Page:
The Life and Times of Kateri Tekawitha – Preface

The life and surroundings of “The Lily of the Mohawks,” as an undeveloped theme in literature, was first suggested to me by my uncle, the Reverend Clarence A. Walworth. My interest and enthusiasm were at once aroused. The thought of a mere Indian girl reared in the forest among barbarians, yet winning for herself such titles as “The Lily of the Mohawks” and “The Genevieve of New France,” recurred to my mind again and again, until it led me to a fixed determination to explore so tempting a field of romance and archaeology. The fact that it lay among the hills and valleys of my native State, and was little known except to solitary scholars and laborious historians, incited me still more to the task. I became ambitious to gather from the records of two centuries ago every detail relating in any way to my Indian heroine. While engaged in this work unexpected opportunities opened to gather exact information about her, and more especially concerning the localities connected with her early childhood, and her conversion and baptism in the Mohawk Valley.

If this book, embodying the result of my researches, should fail to interest the reader, it will not be for any lack of enthusiasm on my part, or of kind encouragement and competent assistance from others.

When beginning the work my first call for advice was upon Dr John Gilmary Shea, so well versed in Indian annals, as also in the general history of this country. I found him full of interest in my subject. Guided by the information received from him, and also by the directions of the Reverend R. S. Dewey, S.J., who has long been familiar with the missionary and Indian traditions of the Mohawk Valley, I went to Montreal and secured from the courteous kindness of Father Turgeon, S.J., rector of the Jesuit College there, the use of all the manuscripts I desired. The Sisters of the Hôtel Dieu furnished me with a room in their hospital, to which the good Rector allowed me to transport the entire carton. This contained all the unprinted materials relating to my subject that belonged to the college library.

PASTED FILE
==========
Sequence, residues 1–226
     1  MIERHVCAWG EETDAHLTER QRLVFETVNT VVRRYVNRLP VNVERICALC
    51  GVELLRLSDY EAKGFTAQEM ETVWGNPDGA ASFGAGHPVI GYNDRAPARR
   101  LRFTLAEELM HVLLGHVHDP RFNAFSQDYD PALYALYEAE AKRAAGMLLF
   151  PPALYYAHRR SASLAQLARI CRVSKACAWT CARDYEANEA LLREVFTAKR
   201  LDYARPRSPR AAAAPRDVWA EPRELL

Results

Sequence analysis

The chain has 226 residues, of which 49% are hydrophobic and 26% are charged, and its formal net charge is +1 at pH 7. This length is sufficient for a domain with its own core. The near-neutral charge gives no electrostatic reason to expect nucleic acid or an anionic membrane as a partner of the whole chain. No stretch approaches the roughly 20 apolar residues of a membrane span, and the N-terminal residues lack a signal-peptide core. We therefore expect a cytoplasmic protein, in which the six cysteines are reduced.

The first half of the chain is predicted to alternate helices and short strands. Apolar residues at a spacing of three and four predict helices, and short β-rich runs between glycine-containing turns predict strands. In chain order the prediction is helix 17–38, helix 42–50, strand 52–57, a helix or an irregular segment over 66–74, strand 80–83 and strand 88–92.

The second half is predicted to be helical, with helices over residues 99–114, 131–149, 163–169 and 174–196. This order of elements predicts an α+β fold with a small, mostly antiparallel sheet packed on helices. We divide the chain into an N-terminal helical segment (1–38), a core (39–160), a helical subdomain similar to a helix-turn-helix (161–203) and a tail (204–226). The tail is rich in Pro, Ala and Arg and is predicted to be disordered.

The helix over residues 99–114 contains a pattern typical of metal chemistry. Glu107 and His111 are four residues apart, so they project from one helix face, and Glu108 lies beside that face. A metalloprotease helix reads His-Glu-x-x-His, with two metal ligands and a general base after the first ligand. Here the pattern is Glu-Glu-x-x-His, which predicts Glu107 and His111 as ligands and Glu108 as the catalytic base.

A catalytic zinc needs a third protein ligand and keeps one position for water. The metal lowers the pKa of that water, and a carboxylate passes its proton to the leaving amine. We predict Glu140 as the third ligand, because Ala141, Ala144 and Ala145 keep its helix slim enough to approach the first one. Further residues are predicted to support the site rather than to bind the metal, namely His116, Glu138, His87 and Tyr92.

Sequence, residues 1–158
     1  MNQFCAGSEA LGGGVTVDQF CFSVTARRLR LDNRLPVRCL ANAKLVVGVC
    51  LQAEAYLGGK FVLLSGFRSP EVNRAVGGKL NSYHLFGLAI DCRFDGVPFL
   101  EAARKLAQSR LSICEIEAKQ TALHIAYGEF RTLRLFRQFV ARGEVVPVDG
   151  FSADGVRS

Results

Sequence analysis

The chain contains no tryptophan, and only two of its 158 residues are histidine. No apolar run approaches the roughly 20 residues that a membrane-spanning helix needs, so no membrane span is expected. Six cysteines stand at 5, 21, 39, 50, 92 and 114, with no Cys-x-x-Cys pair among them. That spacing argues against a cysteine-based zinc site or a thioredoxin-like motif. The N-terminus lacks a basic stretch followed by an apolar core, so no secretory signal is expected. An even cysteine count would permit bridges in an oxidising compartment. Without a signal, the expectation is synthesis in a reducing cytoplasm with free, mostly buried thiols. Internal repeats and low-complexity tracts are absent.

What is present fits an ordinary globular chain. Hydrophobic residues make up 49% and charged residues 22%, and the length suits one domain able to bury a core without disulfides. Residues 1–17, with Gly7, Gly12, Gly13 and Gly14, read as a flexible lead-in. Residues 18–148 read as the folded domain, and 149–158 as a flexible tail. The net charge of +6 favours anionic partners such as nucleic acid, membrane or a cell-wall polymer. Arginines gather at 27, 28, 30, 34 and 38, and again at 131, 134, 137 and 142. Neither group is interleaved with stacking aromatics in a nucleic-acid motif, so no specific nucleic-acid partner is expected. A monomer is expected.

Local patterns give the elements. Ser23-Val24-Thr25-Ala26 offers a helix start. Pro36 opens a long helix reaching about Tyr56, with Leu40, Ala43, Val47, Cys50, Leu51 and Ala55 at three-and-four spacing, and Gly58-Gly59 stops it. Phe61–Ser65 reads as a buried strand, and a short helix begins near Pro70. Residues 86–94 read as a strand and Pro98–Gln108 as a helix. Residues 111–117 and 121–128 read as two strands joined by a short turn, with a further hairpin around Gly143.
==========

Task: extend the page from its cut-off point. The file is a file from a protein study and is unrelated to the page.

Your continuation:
There, at the Hôtel Dieu, delightfully located with the sisters of an order whose history is closely bound up with that of Montreal, I copied at my leisure the manuscripts most valuable to me.

In Montreal, also, my good fortune gave me interviews with M. Cuoq, the distinguished philologist of Saint Sulpice, whose Indian dictionaries and grammars I had already seen in my uncle’s library. Much I owe besides to Soeur Saint Henriette, librarian and keeper of the archives at the Villa Maria. It was on the boat which shoots the Lachine Rapids that I met Mr. Hale of Philadelphia, the learned author of the “Iroquois Book of Rites,” and enjoyed a long conversation with him on matters of deep interest to us both and to my work. My first visit to the Iroquois Village at Caughnawaga, P. Q., occurred at this time. Here my uncle and I found hospitable entertainment for several days at the Presbytery of the church, presided over by the Reverend Père Burtin, O.M.I. Besides the valuable information acquired from the library of books and manuscripts in his possession, I gathered much from the acquaintance then established with the Iroquois of the “Sault” and in particular with their grand chief, Joseph Williams.

La Prairie was only nine miles distant, with its scholarly curé, Père Bourgeault, and his valuable collection of ancient maps; and about half way between Caughnawaga and La Prairie lay the grave of Tekakwitha, with its tall cross looking over the rapids of the Saint Lawrence. An author with a theme like mine in such localities and with such guides was, indeed, in an enchanted land.

In Albany I received valuable assistance and advice from Mr. Holmes and Mr. Howell, of the State Library, also from Mr. Melius, of the City Clerk’s Office, and others.